June 2020
Volume 61, Issue 7
Free
ARVO Annual Meeting Abstract  |   June 2020
Potential role of mast cells in the pathology of L-ORD
Author Affiliations & Notes
  • Donita Garland
    Massachusetts Eye and Ear, HMS, Bethesda, Maryland, United States
  • Anil Kumar Chekuri
    Shiley Eye Institute, University of California San Diego, La Jolla, California, United States
  • Venkata R M Chavali
    Scheie Eye Institute, University of Pennsylvania, Philadelphia, Pennsylvania, United States
  • John Suk
    Shiley Eye Institute, University of California San Diego, La Jolla, California, United States
  • Shyamanga Borooah
    Shiley Eye Institute, University of California San Diego, La Jolla, California, United States
  • Radha Ayyagari
    Shiley Eye Institute, University of California San Diego, La Jolla, California, United States
  • Footnotes
    Commercial Relationships   Donita Garland, None; Anil Kumar Chekuri, None; Venkata Chavali, None; John Suk, None; Shyamanga Borooah, None; Radha Ayyagari, None
  • Footnotes
    Support  Foundation Fighting Blindness (RA), Edward N. and Della L. Thome Memorial Foundation (RA), Research to Prevent Blindness (RA), NEI (RA)
Investigative Ophthalmology & Visual Science June 2020, Vol.61, 4427. doi:
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    • Get Citation

      Donita Garland, Anil Kumar Chekuri, Venkata R M Chavali, John Suk, Shyamanga Borooah, Radha Ayyagari; Potential role of mast cells in the pathology of L-ORD. Invest. Ophthalmol. Vis. Sci. 2020;61(7):4427.

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      © ARVO (1962-2015); The Authors (2016-present)

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Abstract

Purpose : Late onset retinal degeneration, L-ORD, is an autosomal dominant macular degeneration with marked similarities to AMD including the formation of sub-RPE basal deposits. We have identified 3 different mutations in the C1q tumor necrosis factor-related protein 5 (C1QTNF5/CTRP5) gene as the underlying cause of L-ORD. In knock-in mouse models of L-ORD which carry the S163R Ctrp5 mutation (KI/WT and KI/KI) large increases in mutant CTRP5 and the serine protease HTRA1 were present in Bruch’s membrane/choroid. Both proteins have roles in the homeostasis of extracellular matrix. Subsequent studies showed the pathology of L-ORD due to the S163R Ctrp5 mutation is likely mediated through HTRA1 (Chekuri et al Aging Cell 2019). The purpose of this study was to further elucidate potential mechanisms underlying L-ORD pathology by an in-depth analysis of the proteomes of BrM-Ch in the mouse models of L-ORD.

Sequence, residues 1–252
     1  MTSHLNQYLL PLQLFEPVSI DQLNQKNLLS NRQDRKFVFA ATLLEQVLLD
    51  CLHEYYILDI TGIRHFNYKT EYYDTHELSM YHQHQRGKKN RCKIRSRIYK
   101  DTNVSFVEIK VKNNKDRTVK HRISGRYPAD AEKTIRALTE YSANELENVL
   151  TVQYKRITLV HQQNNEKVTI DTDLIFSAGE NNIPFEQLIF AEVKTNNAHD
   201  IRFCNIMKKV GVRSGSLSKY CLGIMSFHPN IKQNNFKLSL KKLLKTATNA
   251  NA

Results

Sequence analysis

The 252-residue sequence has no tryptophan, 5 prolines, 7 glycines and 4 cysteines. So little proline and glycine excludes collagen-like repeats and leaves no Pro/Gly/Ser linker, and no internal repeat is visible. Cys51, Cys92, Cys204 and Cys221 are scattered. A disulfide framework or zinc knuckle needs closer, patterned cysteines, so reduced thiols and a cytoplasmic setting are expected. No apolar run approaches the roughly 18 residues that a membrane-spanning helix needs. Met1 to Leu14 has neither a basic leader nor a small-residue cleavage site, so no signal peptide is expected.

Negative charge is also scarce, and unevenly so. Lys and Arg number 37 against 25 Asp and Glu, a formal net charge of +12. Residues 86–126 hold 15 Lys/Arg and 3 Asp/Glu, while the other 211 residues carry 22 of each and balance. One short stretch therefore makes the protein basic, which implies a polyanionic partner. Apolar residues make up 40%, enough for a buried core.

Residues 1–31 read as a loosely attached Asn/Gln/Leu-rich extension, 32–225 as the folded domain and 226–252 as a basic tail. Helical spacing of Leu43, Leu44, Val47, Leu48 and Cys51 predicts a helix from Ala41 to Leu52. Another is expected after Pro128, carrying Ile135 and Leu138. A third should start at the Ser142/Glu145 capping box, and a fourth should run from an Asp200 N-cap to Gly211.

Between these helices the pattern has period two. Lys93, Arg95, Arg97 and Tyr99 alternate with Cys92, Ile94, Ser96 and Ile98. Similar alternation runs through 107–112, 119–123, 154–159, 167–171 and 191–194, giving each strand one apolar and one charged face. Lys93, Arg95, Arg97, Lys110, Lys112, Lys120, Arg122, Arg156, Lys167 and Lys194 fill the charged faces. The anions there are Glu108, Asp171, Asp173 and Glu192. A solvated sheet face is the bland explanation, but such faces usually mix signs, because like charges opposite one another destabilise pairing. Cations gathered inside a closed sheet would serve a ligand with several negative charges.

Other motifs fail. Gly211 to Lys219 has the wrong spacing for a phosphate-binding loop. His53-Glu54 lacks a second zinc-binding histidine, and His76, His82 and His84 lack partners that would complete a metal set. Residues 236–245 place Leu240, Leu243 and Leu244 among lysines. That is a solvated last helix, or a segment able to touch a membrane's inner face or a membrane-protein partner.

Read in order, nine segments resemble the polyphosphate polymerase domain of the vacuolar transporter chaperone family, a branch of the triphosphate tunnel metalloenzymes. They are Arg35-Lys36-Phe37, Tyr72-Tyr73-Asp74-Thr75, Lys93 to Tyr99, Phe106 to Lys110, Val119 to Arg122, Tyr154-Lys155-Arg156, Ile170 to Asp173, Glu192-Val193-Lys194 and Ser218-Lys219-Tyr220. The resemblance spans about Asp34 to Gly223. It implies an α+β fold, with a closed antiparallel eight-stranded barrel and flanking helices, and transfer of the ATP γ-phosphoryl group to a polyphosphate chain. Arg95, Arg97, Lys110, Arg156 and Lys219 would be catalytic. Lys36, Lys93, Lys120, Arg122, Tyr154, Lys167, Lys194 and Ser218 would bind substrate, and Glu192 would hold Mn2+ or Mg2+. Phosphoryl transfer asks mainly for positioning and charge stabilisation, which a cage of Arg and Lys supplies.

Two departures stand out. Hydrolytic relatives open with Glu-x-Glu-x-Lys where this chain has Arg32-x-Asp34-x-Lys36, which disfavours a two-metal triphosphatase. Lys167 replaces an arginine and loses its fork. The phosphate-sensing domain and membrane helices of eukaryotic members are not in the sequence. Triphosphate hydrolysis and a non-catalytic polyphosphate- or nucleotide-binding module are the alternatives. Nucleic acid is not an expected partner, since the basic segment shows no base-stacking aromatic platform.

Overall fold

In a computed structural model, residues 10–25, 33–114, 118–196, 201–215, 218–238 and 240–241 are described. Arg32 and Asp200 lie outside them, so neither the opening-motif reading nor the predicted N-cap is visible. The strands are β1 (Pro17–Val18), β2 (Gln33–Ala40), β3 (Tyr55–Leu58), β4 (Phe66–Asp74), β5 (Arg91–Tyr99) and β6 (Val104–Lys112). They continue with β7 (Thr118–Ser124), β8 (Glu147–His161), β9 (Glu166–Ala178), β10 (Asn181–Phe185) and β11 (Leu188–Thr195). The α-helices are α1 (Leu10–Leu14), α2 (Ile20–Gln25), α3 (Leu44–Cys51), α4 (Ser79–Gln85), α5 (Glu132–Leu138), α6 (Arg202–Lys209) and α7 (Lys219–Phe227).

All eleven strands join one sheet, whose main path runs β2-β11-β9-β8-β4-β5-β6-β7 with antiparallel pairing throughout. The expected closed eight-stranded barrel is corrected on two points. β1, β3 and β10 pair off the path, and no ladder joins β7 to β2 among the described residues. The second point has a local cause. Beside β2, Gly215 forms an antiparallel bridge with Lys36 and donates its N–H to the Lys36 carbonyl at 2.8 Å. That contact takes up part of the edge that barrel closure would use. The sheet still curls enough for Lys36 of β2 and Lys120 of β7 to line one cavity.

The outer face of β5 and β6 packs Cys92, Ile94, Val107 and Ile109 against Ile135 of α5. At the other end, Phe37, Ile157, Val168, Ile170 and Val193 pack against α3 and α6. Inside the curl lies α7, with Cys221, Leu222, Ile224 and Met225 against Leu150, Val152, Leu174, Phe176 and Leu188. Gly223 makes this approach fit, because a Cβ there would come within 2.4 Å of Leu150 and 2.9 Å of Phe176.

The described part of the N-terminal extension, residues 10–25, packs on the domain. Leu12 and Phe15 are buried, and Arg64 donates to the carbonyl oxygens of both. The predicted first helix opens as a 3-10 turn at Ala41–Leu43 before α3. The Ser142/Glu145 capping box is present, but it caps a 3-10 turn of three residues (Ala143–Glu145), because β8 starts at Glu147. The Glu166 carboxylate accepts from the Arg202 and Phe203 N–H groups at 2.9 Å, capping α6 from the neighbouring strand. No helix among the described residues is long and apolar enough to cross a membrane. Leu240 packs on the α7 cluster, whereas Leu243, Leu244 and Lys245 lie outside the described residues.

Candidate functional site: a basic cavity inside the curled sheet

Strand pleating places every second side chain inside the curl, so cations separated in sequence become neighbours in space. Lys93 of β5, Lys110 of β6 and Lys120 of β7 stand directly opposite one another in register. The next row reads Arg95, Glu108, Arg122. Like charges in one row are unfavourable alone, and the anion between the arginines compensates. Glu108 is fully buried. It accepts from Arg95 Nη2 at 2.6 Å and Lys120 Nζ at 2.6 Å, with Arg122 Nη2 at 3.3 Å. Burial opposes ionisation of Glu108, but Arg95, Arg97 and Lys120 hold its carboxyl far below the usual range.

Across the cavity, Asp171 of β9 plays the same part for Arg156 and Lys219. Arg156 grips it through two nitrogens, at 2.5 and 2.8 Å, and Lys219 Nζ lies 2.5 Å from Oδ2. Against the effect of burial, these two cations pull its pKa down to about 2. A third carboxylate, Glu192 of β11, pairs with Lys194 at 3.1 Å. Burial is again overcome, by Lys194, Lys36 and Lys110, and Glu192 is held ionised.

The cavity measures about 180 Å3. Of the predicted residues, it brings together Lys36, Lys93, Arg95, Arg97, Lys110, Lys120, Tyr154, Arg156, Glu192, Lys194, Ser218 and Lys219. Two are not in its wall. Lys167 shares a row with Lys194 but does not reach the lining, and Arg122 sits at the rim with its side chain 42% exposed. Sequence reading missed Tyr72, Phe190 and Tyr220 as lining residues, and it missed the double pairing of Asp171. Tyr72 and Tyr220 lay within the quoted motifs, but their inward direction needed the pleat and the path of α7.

Methods : Bruch’s membrane/choroid was dissected from S163R Ctrp5 (KI/WT and KI/KI) mutant and wild type mice at 5 and 18 mo. Proteomes of BrM-Ch were determined using proteomic strategies and mass spectrometry. Identification and label-free quantification of peptides and proteins were done using MaxQuant software. Significant changes in protein levels were determined using multiple statistical analyses.

Results : The major differences in protein levels among all samples were related primarily to age and secondarily to genetics. The major proteins with altered levels correlating with both age and genetics included ECM components, proteins with roles in maintaining the integrity of ECM and immune system related proteins. Increased levels of four mast cell proteases, tryptase (Tpsb2), carboxypeptidase A (Cpa3), chymase (Cma1) and mast cell protease 4 (Mcpt4), also correlated with both aging and genetics in S163R Ctrp5 (KI/WT and KI/KI) mutant and wild type mice. In KI/WT mice each enzyme increased over 10 fold from 5 mo to 18 mo. The levels for the 4 enzymes were comparable in mutant and wild type mice at 5 mo. Mast cell proteases have reported roles in processing/degrading ECM components. These results provide a possible link between the immune system and altered ECM structure and function in L-ORD.

Conclusions : These results further implicate the immune system and altered extracellular matrix composition and structure in the pathology of L-ORD.

This is a 2020 ARVO Annual Meeting abstract.

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